Wallace Hartley’s Famous Violin Returning to Branson Museum

wallace-valise-violinOne of the most famous pieces of history is returning to a place that it once called home. Just what is this very special piece of history? The violin that once belonged to a young man named Wallace Hartley. For anyone that is a student of the famous sinking of the RMS Titanic, the name Wallace Hartley is very familiar. Wallace Hartley was in charge of the Titanic’s band, and as the big ship sank slowly into the North Atlantic, this brave group of men played lively tunes trying to keep the passengers calm. The band played until the water, and the slant of the Titanic’s deck was too much for them even be able to stand. However, the men were very brave, and once the ship went down, they were all in the water fighting the cold. Out of the men in the band, the only body that was recovered was that of Wallace Hartley. When the body was examined , something very special was found attached to Hartley’s back, and that was his most prized possession, his violin. 

And the Band Played On…

wallace-hartleyOn the night of April 14th, 1912, the RMS Titanic struck an iceberg, and at 1140 in the evening, it began to sink in to the North Atlantic. At first, the passengers were kept in the dark, but were quietly told to get out of bed, put on warm clothing, and then get up on the top deck with their lifebelts. Many of the passengers were well-seasoned travelers, and to them, the idea of anything happening in the middle of the night was exciting. However, as time went on, the obvious fact that something was terribly wrong, people began to ask questions that needed answers.  To keep everyone at ease, Captain Smith asked Wallace Hartley, and his band, to set up on the deck and play. The songs that Hartley played were fun, upbeat, and lively, and many of the passengers were calmed down by such a cheery scene. After all, what could possibly be wrong if there’s such great music playing? However, the songs were a rouse, and things were indeed serious, and very soon, the Titanic, and over 1500 of her passengers, would go with her.  At first, Hartley was playing happy tunes, but as he too saw how the Titanic was going down, his songs began to become more somber. There is much debate over the very last song that Hartley played on his violin, but a majority of the witnesses at the Titanic hearings, claim that he played the popular song, “Nearer My God to Thee,” which makes the violin even more special knowing that was last played on it.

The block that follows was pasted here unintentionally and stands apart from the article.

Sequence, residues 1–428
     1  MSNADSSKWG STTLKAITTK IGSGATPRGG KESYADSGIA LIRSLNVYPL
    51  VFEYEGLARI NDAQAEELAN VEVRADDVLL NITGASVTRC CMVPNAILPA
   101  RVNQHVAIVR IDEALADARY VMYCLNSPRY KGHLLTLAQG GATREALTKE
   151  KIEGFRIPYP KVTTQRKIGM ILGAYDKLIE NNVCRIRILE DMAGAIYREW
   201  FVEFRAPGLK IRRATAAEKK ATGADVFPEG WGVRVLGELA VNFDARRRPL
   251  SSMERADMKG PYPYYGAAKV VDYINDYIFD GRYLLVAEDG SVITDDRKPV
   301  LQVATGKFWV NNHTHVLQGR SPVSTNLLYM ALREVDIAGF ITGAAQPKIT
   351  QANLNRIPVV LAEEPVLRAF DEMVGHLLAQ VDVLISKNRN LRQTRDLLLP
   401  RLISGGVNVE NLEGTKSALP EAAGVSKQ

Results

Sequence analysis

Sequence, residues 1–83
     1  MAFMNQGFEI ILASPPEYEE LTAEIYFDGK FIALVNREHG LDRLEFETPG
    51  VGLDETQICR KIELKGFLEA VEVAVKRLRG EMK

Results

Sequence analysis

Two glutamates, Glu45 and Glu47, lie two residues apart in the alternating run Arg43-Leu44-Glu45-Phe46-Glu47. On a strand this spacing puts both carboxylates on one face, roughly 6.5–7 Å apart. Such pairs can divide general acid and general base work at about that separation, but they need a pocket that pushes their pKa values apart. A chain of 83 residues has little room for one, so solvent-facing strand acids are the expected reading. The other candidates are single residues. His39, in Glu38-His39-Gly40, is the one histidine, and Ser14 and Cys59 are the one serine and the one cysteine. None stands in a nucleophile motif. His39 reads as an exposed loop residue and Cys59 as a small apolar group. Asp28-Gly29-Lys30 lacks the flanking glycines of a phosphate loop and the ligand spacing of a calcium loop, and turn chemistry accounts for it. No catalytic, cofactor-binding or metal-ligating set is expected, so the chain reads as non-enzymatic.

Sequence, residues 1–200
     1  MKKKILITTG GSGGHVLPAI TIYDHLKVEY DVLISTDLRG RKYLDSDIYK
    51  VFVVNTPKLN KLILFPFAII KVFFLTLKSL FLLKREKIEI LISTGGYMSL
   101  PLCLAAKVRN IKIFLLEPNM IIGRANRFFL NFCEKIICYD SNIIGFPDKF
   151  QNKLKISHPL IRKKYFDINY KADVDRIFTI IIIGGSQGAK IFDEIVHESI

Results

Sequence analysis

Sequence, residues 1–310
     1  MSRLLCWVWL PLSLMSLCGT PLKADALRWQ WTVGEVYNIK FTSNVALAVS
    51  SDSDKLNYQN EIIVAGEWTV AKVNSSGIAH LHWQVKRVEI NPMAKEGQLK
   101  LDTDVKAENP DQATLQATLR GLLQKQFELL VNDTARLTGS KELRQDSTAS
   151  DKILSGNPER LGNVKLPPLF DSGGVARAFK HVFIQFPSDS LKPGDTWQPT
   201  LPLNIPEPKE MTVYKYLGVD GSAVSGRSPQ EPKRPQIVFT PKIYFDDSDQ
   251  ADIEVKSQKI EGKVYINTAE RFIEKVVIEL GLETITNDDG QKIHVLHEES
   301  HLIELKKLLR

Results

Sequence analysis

The History of Wallace Hartley’s Violin

Once Hartley’s body was found, his violin was removed, and his possessions were sent to his fiancee, a woman named Maria Robinson. The violin had been a gift to him from her, but once the violin came back to her, what happened to it was unknown until it was discovered in an attic. The Titanic Branson Museum had the violin on display for years before it was put up for auction.  However, once the violin was sold, it was not sure whether it would be displayed again, if ever.  But now, the good news that has hit the airwaves is the fact that this very famous violin is now going to be heading back to the United States. The Titanic museums at both Branson, Missouri, and Pigeon Force, Tennessee. At this time, it is not known exactly when the violin will be displayed, or just how long it will be part of the famous museum’s exhibits, but this will give Titanic enthusiasts a chance to see the violin up close. The most famous Titanic artifact ever, the violin owned by band leader, Wallace Hartley, was sold back in 2013 for a lot of money, and the world thought that it would never be seen in any public display ever again. However, an announcement has been made that the famous violin will be on display next year, and will spend time at both the Titanic Branson Museum, and the Titanic Pigeon Forge Museum.

When more information becomes available about when the Wallace Hartley violin will be arriving back in the United States, and when it will be at the museums, we will post all about it!

Memorial of Bandmaster Wallace Hartley
Memorial of Bandmaster Wallace Hartley